RIFF Rewind: Tupac, Wu-Tang and the Breeders wrote the best songs of 1993

Radiohead, Thom Yorke, Johnny Greenwood

Photo: Che Holts

Usually this column is the top five songs of each year. Sometimes, in an especially good year, I bend that and make it the top 10.

This week has nine.

The reasons for this are threefold: First, the longlist has 23 songs on it and that’s hard to cut to five. Second, the songs are good enough that I found myself trying to decide between 2Pac, Snoop and the Wu-Tang Clan, and I can’t cut any of those in good conscience. Third, because of my profound lack of organizational skills, I originally left Rage Against the Machine off 1992 and the addition made it a top six, and it will drive me crazy to have a non-round number of songs on The Master Playlist.

Also it’s my column and I can do what I want.

2Pac — “Keep Ya Head Up”

There are two positions I will stand by to the bitter end: Tupac Shakur is the greatest rapper of all time, and he’s one of the top five lyricists in music history. And that’s being conservative; he may be top three. As great as he was as a musician, he was better as a poet.

“Keep Ya Head Up” especially resonates just as well today as it did 25 years ago, which speaks as highly of Shakur’s writing as it speaks poorly about a society that hasn’t addressed these issues in two and a half decades and counting. He’s not even talking to me and I still end up inspired.

Radiohead — “Creep”

I’ll be honest: I think Radiohead is a little overrated. They’re a good band, maybe even a great band, but they aren’t the transcendent all-time band their fans and many music journalists make them out to be.

That said, “Creep” is an amazing song. It’s not easy to blend an indie sensibility with a catchy enough hook to achieve mainstream success but this song pulls it off in spades.

This entry may get me as much backlash as the Pink Floyd Incident.

Naughty By Nature — “Hip Hop Hooray”

This spot was going to go to either “Hip Hop Hooray” or Cypress Hill’s “Insane in the Brain.” Both are great songs! In fact I may like the other even more than the one I included. But “Hip Hop Hooray” does a great job of highlighting the transition in its genre.

Naughty By Nature’s song is very much a throwback. It fits far better in the 1980s than the rest of the hip-hop on this year’s list. But here it is, released right alongside second-wave mainstays like Snoop Dogg and Wu-Tang. And they all sold a ton of records and get radio play to this day.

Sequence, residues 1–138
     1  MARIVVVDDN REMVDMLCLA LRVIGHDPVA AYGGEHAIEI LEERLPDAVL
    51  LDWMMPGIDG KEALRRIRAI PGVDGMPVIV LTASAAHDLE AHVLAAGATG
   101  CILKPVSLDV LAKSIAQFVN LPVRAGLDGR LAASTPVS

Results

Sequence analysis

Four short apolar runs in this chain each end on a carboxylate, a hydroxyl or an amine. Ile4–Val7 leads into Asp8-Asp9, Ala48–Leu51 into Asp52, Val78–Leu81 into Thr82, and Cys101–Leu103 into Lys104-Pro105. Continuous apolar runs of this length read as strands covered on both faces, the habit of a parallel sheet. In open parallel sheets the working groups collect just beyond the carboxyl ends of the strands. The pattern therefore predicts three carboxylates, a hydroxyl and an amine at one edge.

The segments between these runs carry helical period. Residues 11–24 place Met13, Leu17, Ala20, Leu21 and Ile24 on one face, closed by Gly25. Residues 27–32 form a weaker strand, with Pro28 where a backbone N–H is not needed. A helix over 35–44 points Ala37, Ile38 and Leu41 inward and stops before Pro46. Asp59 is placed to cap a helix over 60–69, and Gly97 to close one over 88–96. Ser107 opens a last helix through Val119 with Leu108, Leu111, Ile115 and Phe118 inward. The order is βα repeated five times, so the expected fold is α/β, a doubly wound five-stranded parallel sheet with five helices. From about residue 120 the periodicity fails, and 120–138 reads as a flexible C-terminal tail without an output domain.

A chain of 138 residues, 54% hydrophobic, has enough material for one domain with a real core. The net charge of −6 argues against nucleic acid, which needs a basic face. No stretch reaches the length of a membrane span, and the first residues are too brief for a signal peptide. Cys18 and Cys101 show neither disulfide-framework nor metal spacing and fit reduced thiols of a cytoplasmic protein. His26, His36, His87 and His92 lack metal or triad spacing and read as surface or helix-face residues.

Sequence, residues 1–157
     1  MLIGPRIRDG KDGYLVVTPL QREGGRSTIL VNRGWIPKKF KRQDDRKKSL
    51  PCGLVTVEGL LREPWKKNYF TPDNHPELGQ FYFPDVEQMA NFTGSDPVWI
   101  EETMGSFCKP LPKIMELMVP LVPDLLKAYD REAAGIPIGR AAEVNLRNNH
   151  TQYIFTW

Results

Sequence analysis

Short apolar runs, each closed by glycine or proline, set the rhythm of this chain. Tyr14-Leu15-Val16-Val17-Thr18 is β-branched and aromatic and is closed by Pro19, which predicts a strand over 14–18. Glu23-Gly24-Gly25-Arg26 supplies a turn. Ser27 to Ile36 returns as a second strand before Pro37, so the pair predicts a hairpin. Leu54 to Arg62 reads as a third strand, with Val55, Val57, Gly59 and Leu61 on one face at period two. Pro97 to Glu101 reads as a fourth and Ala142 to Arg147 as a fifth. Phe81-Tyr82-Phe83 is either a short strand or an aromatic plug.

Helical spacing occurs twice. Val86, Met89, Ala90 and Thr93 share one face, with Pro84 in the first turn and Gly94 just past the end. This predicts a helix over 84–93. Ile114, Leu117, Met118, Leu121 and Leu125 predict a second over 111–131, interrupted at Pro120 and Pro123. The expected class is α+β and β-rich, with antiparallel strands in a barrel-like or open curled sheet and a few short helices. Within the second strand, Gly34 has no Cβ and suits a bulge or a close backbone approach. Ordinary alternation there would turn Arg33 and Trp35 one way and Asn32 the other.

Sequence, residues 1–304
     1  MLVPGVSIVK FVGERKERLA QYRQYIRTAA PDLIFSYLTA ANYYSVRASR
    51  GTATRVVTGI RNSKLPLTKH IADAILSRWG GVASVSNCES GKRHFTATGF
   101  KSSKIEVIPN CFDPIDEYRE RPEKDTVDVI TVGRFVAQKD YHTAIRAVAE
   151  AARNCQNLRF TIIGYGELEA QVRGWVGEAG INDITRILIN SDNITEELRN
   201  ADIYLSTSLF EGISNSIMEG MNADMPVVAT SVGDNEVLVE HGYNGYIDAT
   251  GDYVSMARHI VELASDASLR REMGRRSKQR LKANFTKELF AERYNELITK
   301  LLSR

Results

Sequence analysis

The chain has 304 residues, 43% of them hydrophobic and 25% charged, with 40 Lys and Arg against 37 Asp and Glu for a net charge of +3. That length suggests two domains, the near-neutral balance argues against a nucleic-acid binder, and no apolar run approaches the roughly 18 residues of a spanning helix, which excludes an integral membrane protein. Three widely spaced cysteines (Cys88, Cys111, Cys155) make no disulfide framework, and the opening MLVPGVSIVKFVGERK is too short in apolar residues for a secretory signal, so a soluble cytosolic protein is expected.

Change can be fun.

Tool — “Sober”

As a person who wore a lot of black in high school, yes, I’m a Tool fan.

I know.

This won’t be another Metallica thing, I promise. Just give me this one.

The Breeders — “Cannonball”

The ’90s were a golden age for women who rock. Following L7 in 1992, and just before Veruca Salt’s debut in 1994, we have The Breeders.

It’s not often that a side project overshadows an artist’s primary band, but it seems these days more people know Kim Deal from this than from The Pixies, which was her main job at the time. And as great as the Pixies are, that’s OK with me.

Nirvana — “Heart Shaped Box”

This is, tragically, the last studio song by Nirvana on the list. As legendary and genre-defining as the band was, it only released three studio albums, three live albums, and a compilation by Seattle indie label Sub Pop.

There will obviously be a song off Nirvana Unplugged in a future edition (Spoiler alert!) but this is the last studio track from the incredibly bright, incredibly brief light that was Kurt Cobain.

Salt-N-Pepa — “Shoop”

Most people these days know “Shoop” from Deadpool and, honestly, that’s OK with me. It’s a great movie. And by all accounts Salt-N-Pepa are OK with it, too.

Don’t forget that it’s a great song by itself though. Deadpool helps of course, but it was great before too, even if I’m not 100% sure what it’s about. I mean, I get that it’s about sex, but half the metaphors and euphemisms are so veiled they go over my head. And I love euphemisms!

Wu-Tang Clan — “C.R.E.A.M.”

If you didn’t see the name of the song and immediately have “Cash rules everything around me/ CREAM/ Get the money/ Dolla dolla bills, y’all.” flash through your head, we clearly have very different heads.

It shouldn’t have been easy to pick a track off Wu-Tang’s seminal 36 Chambers, but it inexplicably was. The album as a whole is a masterpiece that launched half a dozen careers, inspired some of the greatest voices in hip-hop, and revitalized the New York rap scene. But among the individual tracks, “C.R.E.A.M.” does the best job of standing alone.

Of course if you disagree, I probably wouldn’t have a good argument, so let’s just agree that Wu-Tang is awesome.

Snoop Doggy Dogg — “Gin and Juice”

It’s Snoop’s first album! With the awful cover! Before he ran a youth football league, was pals with Martha Stewart and had a fan in the actual Queen of England, he was just some dude from Long Beach.

Some may argue that the fact “Gin and Juice” has pretty much the same sound as his recent releases shows a lack of evolution, but I disagree. Snoop is a man who knows his sound, knows his strengths, and perfected it early in his life and career. And that’s to be applauded. The man burst onto the scene fully-formed and that’s amazing.

Honorable Mentions

Snow — “Informer”
Duran Duran — “Ordinary World”
The Cranberries — “Linger”
Lenny Kravitz — “Are You Gonna Go My Way”
Aerosmith — “Cryin’”
Janet Jackson — “That’s the Way Love Goes”
Haddaway — “What Is Love”
Cypress Hill — “Insane in the Brain”
The Smashing Pumpkins — “Disarm”
Meat Loaf — “I’d Do Anything For Love”
Mazzy Star — “Fade Into You”
Weird Al Yankovic — “Bohemian Polka”
Pearl Jam — “Dissident”
Counting Crows — “Mr. Jones”

Follow editor Daniel J. Willis at Twitter.com/BayAreaData

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